Freeport LNG Development LP finished repairs Aug. 9 to a flare vent line that leaked gas as the export facility prepared to begin production of its first LNG cargo.
In a filing with U.S. regulators, Freeport sought approval of supplementary information regarding a design change associated with the line.
While no feedgas was observed to be flowing to the facility south of Houston on Aug. 9, and natural gas liquefaction had not officially begun, spokeswoman Heather Browne said Freeport LNG was sticking to its previous schedule for the first cargo.
"Repairs related to the gas leak have delayed our cool-down procedures," Browne said in an email. "However, we still anticipate first cargo around the middle of this month."
In a follow-up email, she said repairs were complete and Freeport LNG was awaiting a response from the Federal Energy Regulatory Commission.
The leak occurred shortly before 5:30 p.m. CT on Aug. 1 during the startup and cooldown of train 1 as feedgas was being vented to the flare. No injuries were reported.
In an Aug. 9 letter to FERC, Freeport LNG said it was submitting supplemental information regarding a design change associated with the 2-inch-diameter flare bypass vent line in train 1. It was seeking approval of the filing as soon as possible. Details were filed under seal.
The facility has experienced construction- and weather-related delays, most notably following heavy rain in the aftermath of Hurricane Harvey in August 2017. Once in operation, it will be the sixth major U.S. LNG export terminal to begin liquefying and exporting LNG since 2016. Four have regularly exported cargoes, while the fifth, Kinder Morgan Inc.'s Elba Liquefaction in Georgia, continued Aug. 9 to produce LNG that will become its first cargo.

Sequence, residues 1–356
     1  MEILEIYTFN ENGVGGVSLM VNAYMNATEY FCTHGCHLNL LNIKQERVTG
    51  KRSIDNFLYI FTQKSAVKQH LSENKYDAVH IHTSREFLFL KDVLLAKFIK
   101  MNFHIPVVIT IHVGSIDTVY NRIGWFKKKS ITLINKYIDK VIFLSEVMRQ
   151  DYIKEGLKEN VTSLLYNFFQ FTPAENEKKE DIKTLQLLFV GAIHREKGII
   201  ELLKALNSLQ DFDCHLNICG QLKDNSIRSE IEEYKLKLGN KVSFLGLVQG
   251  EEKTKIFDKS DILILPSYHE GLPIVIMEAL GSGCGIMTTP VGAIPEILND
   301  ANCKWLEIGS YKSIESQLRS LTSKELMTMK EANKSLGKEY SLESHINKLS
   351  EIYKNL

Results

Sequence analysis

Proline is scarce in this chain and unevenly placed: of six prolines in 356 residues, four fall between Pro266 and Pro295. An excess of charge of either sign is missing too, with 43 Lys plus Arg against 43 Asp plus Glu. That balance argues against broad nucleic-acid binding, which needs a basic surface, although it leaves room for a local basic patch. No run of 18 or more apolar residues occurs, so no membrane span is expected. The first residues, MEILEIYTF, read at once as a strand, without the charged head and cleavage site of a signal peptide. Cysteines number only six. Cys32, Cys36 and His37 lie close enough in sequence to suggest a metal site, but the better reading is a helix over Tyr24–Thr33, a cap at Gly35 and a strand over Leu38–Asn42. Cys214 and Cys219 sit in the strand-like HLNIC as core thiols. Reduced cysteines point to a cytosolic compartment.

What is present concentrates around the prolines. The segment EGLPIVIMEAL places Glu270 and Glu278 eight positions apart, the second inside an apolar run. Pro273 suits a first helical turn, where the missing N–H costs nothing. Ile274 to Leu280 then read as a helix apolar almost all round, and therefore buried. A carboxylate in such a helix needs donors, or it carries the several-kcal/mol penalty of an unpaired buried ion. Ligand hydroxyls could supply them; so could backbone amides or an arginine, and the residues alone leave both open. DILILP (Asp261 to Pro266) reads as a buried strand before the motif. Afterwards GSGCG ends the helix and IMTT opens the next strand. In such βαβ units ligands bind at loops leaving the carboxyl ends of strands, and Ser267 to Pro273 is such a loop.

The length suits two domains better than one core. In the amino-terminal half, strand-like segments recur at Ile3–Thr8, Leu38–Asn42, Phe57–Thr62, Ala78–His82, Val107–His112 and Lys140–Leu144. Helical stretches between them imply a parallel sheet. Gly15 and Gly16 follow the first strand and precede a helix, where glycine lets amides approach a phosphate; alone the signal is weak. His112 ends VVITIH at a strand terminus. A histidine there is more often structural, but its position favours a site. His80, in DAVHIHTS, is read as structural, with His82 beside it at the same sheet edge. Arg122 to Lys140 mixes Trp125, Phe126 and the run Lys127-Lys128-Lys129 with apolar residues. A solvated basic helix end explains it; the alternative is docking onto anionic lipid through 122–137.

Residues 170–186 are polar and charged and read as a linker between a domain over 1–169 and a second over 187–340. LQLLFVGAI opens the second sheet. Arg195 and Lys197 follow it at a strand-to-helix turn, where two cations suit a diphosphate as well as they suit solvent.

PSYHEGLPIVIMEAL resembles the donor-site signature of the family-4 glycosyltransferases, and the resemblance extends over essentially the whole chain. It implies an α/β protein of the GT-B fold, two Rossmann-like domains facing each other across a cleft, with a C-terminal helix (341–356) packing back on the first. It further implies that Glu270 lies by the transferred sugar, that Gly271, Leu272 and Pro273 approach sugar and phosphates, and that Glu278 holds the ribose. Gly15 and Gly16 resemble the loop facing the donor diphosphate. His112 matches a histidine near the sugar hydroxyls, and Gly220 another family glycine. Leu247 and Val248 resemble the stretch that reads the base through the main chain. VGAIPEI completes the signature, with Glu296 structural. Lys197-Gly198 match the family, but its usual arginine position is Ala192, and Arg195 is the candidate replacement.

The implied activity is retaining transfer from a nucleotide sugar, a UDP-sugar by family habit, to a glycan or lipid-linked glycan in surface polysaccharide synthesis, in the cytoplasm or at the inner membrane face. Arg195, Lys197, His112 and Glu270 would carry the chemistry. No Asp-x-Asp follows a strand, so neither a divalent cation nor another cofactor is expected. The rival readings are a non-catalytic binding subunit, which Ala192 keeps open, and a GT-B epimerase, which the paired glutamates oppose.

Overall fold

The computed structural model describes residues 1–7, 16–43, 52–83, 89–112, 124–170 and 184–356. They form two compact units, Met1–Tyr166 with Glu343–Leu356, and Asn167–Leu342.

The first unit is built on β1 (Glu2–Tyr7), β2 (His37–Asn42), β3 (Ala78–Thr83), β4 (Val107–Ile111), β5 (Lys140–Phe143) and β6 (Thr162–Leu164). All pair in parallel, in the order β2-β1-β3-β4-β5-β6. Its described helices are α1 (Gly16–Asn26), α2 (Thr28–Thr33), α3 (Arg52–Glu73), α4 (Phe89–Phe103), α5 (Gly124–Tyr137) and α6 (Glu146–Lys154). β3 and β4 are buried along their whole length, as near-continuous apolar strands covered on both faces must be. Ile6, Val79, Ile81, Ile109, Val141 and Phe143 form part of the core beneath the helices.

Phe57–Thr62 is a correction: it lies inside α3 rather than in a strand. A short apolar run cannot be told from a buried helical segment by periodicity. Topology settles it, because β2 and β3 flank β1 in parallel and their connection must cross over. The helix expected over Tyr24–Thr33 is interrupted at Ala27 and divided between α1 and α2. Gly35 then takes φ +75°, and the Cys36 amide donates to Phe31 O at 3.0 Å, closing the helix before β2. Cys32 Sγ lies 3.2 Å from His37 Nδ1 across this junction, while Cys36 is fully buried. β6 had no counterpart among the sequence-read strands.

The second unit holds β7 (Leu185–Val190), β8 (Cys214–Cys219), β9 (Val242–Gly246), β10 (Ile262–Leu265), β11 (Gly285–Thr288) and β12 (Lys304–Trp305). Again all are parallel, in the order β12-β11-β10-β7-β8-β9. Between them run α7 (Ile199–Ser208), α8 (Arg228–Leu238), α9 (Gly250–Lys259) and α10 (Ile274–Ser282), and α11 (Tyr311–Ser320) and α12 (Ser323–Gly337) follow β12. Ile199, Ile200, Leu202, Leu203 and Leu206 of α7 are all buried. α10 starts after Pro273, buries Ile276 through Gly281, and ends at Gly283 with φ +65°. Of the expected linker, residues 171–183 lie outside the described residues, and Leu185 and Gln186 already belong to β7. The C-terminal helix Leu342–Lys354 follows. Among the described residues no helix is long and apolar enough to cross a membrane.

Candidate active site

The primary long-term buyers of off-take from Freeport LNG train 1 are Japanese utilities Osaka Gas Co. Ltd. and Chubu Electric Power Co. Inc., which each control 2.2 million tonnes per annum of capacity. Additional long-term contracts were signed with BP Energy Co. Inc. for 4.4 mtpa of off-take capacity on train 2 and with France's Total SA and South Korea's SK E&S LNG LLC, which are splitting another 4.4 mtpa of off-take capacity on train 3.
In total, long-term contracts cover roughly 13.2 mtpa of the proposed three-train, 15 million-mtpa facility's output, with additional short-term contracts, including a three-year deal with commodity trader Trafigura, covering the remaining supply.
In addition, Freeport LNG has secured another 2.2 mtpa long-term heads of agreement with Japan's Sumitomo Corp. for capacity on a proposed train 4, although Freeport LNG has yet to make a final investment decision on the expansion.
Harry Weber and Ross Wyneo are reporters with S&P Global Platts. S&P Global Market Intelligence and S&P Global Platts are owned by S&P Global Inc.